St. Helena Island

Saint Helena Island is in the middle of the Atlantic Ocean and is one of the world's most isolated islands. If you start crossing the Atlantic Ocean at the border between Namibia and Angola, Saint Helena Island will appear just less than half way to Brazil. Because of this extreme isolation, Napoleon Bonaparte was exiled here from Oct 1815 until his death on 5 May 1821. It is the most populous of the United Kingdom's territories in the South Atlantic with a population of 4,255 at the last census in 2006. Main Street of Jamestown is described as one of the best examples of unspoilt Georgian architecture anywhere in the world and the whole island has been officially proposed to the UK government as a mixed World Heritage site. Saint Helena's most famous resident, of course, was Napoleon, who was exiled there by the British. Apparently Elba was not far enough away. He died there, and you can visit his beautiful grave site in a flower-laden glade, but his remains were disinterred and are now at Les Invalides in Paris. You can visit his two residences on the island. He stayed at The Briars for about two months, and lived the rest of his life in a house in Longwood. Both can be visited by appointment.

Two animals are of note. The giant earwig was the largest in the world: between two and three inches long. The species was made extinct by researchers who collected them all. The second species is a happier story: although endangered, with only about 300 remaining, the Saint Helena Wirebird is a plover-like bird with long beak and legs. It is a land bird, and can be found in open areas. The playing fields behind the high school are a particularly good place to look without having to take a longer hike. The Wirebird is Saint Helena's national bird. Read more about St. Helena;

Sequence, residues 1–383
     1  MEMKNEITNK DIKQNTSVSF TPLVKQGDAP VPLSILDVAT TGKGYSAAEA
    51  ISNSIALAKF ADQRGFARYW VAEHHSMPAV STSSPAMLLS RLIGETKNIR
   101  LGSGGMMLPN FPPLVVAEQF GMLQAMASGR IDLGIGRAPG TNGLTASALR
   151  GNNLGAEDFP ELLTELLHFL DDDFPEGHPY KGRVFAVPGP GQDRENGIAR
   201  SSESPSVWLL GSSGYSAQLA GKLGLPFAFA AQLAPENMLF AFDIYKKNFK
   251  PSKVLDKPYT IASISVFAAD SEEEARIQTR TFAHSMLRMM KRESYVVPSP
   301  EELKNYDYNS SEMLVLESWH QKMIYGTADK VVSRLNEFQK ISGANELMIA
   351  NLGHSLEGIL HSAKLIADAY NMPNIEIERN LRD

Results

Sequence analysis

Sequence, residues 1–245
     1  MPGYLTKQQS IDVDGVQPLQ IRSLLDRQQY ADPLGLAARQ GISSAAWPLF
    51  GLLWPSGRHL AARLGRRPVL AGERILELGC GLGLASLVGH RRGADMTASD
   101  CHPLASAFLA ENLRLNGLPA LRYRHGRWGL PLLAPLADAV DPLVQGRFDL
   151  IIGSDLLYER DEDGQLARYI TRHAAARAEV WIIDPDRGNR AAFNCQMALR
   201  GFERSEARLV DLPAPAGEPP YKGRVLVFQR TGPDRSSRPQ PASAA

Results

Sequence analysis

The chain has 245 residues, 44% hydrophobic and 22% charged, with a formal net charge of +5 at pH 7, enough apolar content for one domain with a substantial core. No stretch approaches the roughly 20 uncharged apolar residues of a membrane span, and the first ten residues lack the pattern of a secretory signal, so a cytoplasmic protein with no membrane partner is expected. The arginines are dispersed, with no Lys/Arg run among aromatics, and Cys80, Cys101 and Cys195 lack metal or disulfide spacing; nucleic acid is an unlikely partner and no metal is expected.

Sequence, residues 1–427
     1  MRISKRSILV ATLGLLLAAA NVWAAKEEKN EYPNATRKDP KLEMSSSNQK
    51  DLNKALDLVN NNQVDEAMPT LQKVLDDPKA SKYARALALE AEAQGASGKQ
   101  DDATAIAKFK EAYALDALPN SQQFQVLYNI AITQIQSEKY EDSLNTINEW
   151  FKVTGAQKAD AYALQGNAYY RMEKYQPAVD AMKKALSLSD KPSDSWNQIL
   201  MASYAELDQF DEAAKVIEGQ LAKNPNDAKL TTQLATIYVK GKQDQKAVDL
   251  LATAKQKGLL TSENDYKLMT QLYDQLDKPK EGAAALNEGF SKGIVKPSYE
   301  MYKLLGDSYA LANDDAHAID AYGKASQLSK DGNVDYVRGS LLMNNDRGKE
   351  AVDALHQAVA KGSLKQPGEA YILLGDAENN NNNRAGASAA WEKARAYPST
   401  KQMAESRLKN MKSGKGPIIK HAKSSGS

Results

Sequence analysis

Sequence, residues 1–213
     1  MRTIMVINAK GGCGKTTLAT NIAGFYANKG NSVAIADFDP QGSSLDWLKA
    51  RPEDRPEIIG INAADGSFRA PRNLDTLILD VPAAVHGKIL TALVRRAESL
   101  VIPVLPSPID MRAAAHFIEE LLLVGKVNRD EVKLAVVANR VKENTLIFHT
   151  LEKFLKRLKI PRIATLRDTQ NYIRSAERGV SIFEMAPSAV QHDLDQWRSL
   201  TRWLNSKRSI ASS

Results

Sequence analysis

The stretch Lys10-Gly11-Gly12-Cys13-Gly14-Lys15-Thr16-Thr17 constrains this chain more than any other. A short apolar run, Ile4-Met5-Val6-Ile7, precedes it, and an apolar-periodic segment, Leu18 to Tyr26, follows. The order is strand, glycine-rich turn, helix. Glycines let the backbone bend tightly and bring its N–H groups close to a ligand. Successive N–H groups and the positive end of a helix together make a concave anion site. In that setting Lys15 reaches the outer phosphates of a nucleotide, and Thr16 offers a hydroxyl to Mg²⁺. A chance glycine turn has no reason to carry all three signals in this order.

Wiki Voyage

Port of entry - Jamestown

Arrivals by yacht

Call St. Helena Radio on VHF channel 16 when about 10 nautical mile away from the island to announce your arrival. They will notify Customs and Immigration of your pending arrival. Your failure to do so might evoke fines and penalties. Also discuss with them the best mooring buoy suitable for your yacht.

Report to Customs & Immigration

Upon arrival, immediately contact Customs & Immigration on VHF Radio channel 16 and take further instructions about when and where to checkin. Usually, Customs will visit your yacht and take care of all proceedings. DO NOT go ashore until you have cleared it with the officials - this might lead to your arrest.

Mooring Buoys

There are two types of mooring buoys - some are white and others are yellow in colour. The yellow buoys are for yachts with heavier displacements and the white buoys are for lighter boats. Radio customs of VHF channel 16 to find out which buoy is best suitable for your yacht.
Heads up!
Do not take valuables ashore and then sell/donate/gift these to the locals without permission. This is an infringement of the local customs laws as taxes are payable on all such valuables. Locals are known to entice visitors to do this, then report them to the authorities and later collect a reward.

Landing jetty

Unless you have a very light dinghy which you can man handle and lift out of the water, you will have to make use of the water taxi to get to shore and back to your yacht. The water taxi runs a hourly schedule but frequently responds to "Come and fetch me" calls - hail them "Water Taxi" on VHF channel 16. In rough weather, the jetty poses some challenges as the jetty is some what higher than the water and the water surge throws the boat around. The taxi will motor up to the jetty and try and keep it against the concrete wall. Grab a rope from the over hanging rail, get your timing right and then jump onto the jetty. On occasion, be prepared to get a bit wet - usually it's nothing serious.